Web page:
Base

                  Unfavourable

                  Favourable

                  Vaccination coverage

                  66%

                  60%

                  80%

                  PCV13 Effectiveness

                  58%

                  40%

                  75%

                  Serotype Coverage

                  60%

                  60%

                  60%

                  Hospitalized pneumonia cost

                  1,983

                  1,785

                  2,181

                  Out-patient pneumonia cost

                  250

                  225

                  275

                  Primary bacteremia cost

                  4,093

                  3,684

                  4,502

                  Empyema cost

                  5,954

                  5,359

                  6,549

                  Meningitis cost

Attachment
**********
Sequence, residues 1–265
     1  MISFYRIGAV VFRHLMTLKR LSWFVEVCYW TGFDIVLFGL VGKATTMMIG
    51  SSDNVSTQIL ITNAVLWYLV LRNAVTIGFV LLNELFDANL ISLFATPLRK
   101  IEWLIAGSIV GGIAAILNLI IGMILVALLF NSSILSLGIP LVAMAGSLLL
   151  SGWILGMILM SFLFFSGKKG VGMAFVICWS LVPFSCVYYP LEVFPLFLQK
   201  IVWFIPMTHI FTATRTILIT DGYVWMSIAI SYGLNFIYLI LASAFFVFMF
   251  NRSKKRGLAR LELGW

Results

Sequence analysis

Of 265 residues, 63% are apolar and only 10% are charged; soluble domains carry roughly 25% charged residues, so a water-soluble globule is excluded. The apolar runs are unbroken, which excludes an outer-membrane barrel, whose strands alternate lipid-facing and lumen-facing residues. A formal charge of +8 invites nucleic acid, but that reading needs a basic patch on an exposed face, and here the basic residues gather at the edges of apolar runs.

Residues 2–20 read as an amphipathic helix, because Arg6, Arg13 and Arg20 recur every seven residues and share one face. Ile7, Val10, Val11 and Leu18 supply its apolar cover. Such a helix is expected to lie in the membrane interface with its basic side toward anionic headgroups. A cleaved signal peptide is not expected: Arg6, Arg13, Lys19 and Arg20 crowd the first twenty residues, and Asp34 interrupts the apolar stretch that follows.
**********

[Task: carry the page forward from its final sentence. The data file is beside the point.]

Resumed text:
11,202

                  10,082

                  12,322

                  Bacteremic pneumonia cost

                  5,420

                  4,878

                  5,962

                  Discount rate (costs)

                  3%

                  5%

                  0%

                  Programme effectiveness

                  All patients would receive a single dose of PCV13. The annual number of effectively vaccinated individuals was calculated based on vaccine effectiveness and serotype and vaccination coverage. So it varies within model scenarios as depicted in Table 4[11]. PCV13 is considered safe and rarely causes any severe adverse event. Neither adverse events nor their related costs were considered in this model.